Under Freedom of Pensions, relatively small pension funds (in pension planning terms) suddenly take on a different dimension and appeal.  For instance, a pension fund of £100,000 would generate only a relatively small annual pension to a 55 year old, and not much to write home about even for someone at age 65.  Yet Freedom of Pensions would allow the saver to access the £100,000 as a lump sum (albeit it with tax implications).  Suddenly this modest pension fund seems rather seductive. It’s quite possible, perhaps even probable, that once enacted there will be significant numbers of older workers who leave the workforce earlier than either employer or employee would ever have envisaged prior to March this year.

Of course such funds won’t last forever, but that may be academic.  By the time the retiree discovers the financial reality, they may have been out of the employment market for some years.  Skills will be rusty, or overtaken by new developments, and a return to the workplace might be difficult or even impossible in some cases.

Freedom of Pensions will appeal to both the engaged and disengaged older employee.  And even the most engaged employee often looks forward to the promised land of a comfortable retirement.  So one possible outcome of this legislative change could be a haemorrhaging of the quality older employees that any organisation would wish to retain.

So, although these are very different issues, these two separate initiatives may in fact be two sides of the same coin as far as employers are concerned.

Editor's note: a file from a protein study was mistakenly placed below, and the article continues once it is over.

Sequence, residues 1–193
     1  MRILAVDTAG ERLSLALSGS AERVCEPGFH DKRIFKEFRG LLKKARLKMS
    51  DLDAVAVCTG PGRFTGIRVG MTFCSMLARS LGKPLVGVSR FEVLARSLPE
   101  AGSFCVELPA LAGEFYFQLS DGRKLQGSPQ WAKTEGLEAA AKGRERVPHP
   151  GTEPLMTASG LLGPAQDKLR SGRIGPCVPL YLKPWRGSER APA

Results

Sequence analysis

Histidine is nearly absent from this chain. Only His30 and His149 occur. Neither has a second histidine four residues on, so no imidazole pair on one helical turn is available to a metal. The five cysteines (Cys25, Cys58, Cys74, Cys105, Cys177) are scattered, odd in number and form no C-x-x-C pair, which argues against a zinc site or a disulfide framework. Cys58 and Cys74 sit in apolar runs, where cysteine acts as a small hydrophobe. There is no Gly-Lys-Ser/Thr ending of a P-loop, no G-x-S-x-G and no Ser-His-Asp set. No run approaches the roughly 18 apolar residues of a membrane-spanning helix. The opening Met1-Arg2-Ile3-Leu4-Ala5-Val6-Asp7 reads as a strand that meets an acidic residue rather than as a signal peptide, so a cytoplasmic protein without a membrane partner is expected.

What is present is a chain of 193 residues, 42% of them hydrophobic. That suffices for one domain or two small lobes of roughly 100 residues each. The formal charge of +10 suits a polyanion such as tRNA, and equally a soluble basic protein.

On the one hand we have possible retention of some disengaged older workers that just can’t afford to retire, on the other we have the loss of key employees who are seduced into believing access to retirement funds now represents their ticket out of the rat race.

It’s difficult to speculate on which will be the bigger challenge for UK employers, but either (or both) scenario post a potentially major headache for employers who need to retain their key older talent and remain competitive as workforce demographics start to change.

So what to do?

One possible solution perhaps stands out more than other here – the benefits of workplace financial education.

As a direct result of auto-enrolment, the government’s workplace pension reforms, most employees will soon be actively saving for their retirement.  But to make a real difference to the savings gap, and the individual’s chances of a comfortable retirement, employees will need to better understand, and engage with, the dynamics of retirement savings.

Providing financial education will encourage employees to take a more active interest in their savings.  Those disengaged employees who are desperate to leave the workplace may better appreciate that planning and early action will make this more achievable, and this may therefore lessen the numbers that fall into the “can’t retire” category.

By the same token, those highly skilled and better motivated employees may better understand the reality of longevity and annuity rates, and therefore are perhaps less likely to be seduced into an inappropriate early retirement at age 55.  After all, just a few extra years work, and corresponding period of additional savings, may provide a much more satisfying and longer lasting retirement income stream.

So, whether the older employee coin comes down on heads or tails, it’s likely that financial education in the workplace may prove a winner for both savers and employers.